Clements v. Clements: Negligence Claims, Causation, and the “Material Contribution to Risk” Test

July 2, 2012

In Clements v. Clements, 2012 SCC 32 (“Clements”), the Supreme Court of Canada clarified the circumstances in which a plaintiff in a negligence action may establish causation on the basis that the defendant’s conduct materially contributed to the risk that gave rise to the plaintiff’s injury, rather than the “but for” test.

The Court held that the “material contribution to risk” test will apply only where the plaintiff’s injury would not have occurred “but for” the negligence of two or more wrongdoers, each of which are potentially responsible for the loss, and the plaintiff, through no fault of their own, is unable to show that any one of the possible wrongdoers was the “but for” cause of the injury.

Background

The parties went on a motorbike trip. The defendant was driving the bike and the plaintiff was riding behind on the passenger seat. The weather was wet and the bike was overloaded with weight. Unbeknownst to the parties, a nail had punctured the bike’s rear tire. Although the defendant was travelling in a 100 km/h zone, he accelerated to at least 120km/h in order to pass a car. As he did so, the nail fell out of the tire, the rear tire deflated, and the bike began to wobble. The defendant was unable to bring the bike under control, and it crashed. The plaintiff was thrown off and suffered a severe traumatic brain injury. She sued the defendant, claiming that her injury was caused by his negligent operation of the bike.

In order to succeed in a negligence claim, a plaintiff must establish that:

  • the defendant owed the plaintiff a duty of care;
  • the defendant breached their duty of care;
  • the plaintiff suffered damages; and
  • the defendant’s breach of their duty of care caused the plaintiff’s damages.

In Clements, there was little dispute with respect to the first three elements. The key issue was whether the defendant’s negligence caused the plaintiff’s injury.

In general, the test for showing causation is the “but for” test. This means that a plaintiff cannot establish causation unless the plaintiff shows that they would not have suffered the loss “but for” the defendant’s breach of their duty of care.  In other words, the defendant’s breach must have been necessary in order for the the plaintiff’s loss to have occurred.

At trial, the defendant called an expert witness who testified that the probable cause of the accident was the tire puncture and the deflation, and that the accident would have occurred even without the plaintiff’s negligence. The trial judge rejected this evidence, but did not conclude that the plaintiff’s injury would have occurred “but for” the defendant’s breach. Instead, the trial judge held that the defendant’s breach materially contributed to the plaintiff’s injury, and that this was sufficient to establish causation.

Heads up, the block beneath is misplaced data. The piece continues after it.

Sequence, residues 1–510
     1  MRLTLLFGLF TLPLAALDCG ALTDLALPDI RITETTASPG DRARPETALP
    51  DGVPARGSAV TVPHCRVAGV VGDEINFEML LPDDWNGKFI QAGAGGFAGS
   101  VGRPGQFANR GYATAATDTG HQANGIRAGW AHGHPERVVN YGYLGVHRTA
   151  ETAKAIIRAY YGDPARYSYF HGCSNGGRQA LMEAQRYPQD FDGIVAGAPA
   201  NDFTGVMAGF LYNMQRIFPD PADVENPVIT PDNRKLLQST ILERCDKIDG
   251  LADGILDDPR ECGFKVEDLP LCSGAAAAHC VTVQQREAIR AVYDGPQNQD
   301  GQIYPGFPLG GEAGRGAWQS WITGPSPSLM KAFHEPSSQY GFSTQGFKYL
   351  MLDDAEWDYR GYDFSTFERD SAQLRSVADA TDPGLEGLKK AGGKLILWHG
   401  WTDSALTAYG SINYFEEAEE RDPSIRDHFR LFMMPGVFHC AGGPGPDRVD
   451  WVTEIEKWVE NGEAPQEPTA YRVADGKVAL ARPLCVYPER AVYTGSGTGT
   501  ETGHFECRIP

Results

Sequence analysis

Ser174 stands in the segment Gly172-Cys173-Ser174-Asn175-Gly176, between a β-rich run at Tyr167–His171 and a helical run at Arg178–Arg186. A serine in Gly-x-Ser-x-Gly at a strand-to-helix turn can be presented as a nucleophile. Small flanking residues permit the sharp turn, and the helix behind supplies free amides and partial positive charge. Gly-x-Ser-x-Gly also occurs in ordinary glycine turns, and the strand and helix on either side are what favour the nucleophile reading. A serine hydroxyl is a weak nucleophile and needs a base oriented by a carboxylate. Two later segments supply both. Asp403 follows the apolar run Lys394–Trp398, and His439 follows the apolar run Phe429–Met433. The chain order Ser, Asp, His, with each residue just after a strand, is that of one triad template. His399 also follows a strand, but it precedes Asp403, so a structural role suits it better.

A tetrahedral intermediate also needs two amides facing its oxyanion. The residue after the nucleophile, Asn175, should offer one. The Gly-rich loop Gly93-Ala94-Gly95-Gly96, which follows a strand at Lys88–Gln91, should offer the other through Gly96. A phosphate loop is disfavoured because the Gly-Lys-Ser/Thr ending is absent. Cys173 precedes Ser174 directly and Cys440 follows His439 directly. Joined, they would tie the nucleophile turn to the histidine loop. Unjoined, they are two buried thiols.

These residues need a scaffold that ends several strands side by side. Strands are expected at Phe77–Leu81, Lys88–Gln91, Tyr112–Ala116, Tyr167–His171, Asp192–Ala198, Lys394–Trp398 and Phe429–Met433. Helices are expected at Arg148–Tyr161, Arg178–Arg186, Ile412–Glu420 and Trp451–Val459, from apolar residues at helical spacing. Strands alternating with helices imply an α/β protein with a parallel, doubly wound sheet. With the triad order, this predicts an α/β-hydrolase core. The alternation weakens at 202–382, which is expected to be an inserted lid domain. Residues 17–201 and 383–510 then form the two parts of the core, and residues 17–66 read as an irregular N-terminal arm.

Decision

The key issue before the Supreme Court of Canada was whether the “but for” test for causation applied, or whether causation could be established on the basis of the “material contribution to risk” test.

Chief Justice McLachlin, writing for the majority, clarified that although a plaintiff must generally establish causation on the basis of the “but for” test, a plaintiff may, in exceptional circumstances, establish causation by showing that the defendant’s breach materially contributed to the risk of the plaintiff’s injury. In order to do so, the plaintiff must establish that:

  • the damage would not have occurred “but for” the negligence of two or more wrongdoers, each of which are possibly responsible for the loss; and
  • the plaintiff, through no fault of their own, is unable to show that any one of the possible wrongdoers in fact was the necessary or “but for” cause of her injury, because each can point to one another as a possible “but for” cause of the injury, defeating a finding of causation on a balance of probabilities against anyone.

In these exceptional circumstances, the “material contribution to risk” test will, in the Court’s view, result in a fair outcome. The plaintiff will have established “but for” causation with respect to the group of defendants as a whole, each defendant will have failed to act with the necessary care to avoid potentially causing the plaintiff’s loss, and each defendant may have in fact caused the plaintiff’s loss.

In the result, the Court concluded that the “material contribution to risk” test did not apply. Because the case involved a single defendant, the only issue was whether the injury would have occurred “but for” the defendant’s breach. Accordingly, the Court returned the matter to the trial judge to be assessed on the basis of the “but for” test.

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